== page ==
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SHA Conference 2011

January 8th, 2011

2011 Society for Historical Archaeology Conference

January 8, 2011

Susanne Grieve, Director of Conservation


For the past week, faculty and students have been visiting the fun and entertaining city of Austin, Texas to attend the annual Society for Historical Archaeology (SHA) conference. The dozens of sessions and forums were devoted to the discussion of historical archaeology on both terrestrial and underwater sites with several subfields also represented, such as conservation. As with any conference, there were also a lot of fantastic events surrounding the conference including a book room, technology demonstrations, drink socials, awards dinners, and a pub crawl to see Austin’s best bars and restaurants.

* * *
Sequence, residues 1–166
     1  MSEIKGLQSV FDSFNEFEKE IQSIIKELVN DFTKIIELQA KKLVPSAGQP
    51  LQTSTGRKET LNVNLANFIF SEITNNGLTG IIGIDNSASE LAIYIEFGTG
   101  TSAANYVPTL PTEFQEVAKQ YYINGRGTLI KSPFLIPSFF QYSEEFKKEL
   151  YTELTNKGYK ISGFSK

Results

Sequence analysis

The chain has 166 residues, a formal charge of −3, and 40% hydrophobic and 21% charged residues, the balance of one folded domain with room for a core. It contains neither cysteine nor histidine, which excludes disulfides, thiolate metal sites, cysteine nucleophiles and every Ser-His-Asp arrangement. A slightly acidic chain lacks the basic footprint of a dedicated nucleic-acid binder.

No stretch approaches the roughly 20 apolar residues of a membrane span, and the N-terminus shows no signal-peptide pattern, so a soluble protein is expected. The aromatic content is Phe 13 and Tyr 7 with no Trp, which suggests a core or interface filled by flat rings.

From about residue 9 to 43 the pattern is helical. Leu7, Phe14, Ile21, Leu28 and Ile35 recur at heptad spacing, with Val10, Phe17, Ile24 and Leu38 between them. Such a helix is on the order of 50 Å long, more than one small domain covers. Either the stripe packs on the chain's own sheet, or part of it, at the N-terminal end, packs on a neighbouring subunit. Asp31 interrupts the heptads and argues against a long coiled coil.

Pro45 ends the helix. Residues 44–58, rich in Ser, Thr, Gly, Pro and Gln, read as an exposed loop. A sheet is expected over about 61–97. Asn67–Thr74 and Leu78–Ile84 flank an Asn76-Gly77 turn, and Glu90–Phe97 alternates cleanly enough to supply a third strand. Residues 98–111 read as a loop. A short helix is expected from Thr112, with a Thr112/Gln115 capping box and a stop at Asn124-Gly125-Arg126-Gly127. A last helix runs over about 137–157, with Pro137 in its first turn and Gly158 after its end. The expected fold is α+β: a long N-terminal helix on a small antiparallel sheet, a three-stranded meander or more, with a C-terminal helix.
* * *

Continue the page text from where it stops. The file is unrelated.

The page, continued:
While there were lots of interactions to mention, this blog will highlight my experience and some of the sessions I attended. The conference started on Wednesday evening with an opening general session that set the stage for the conference theme and allowed the Texas hosts to showcase some of their historical highlights.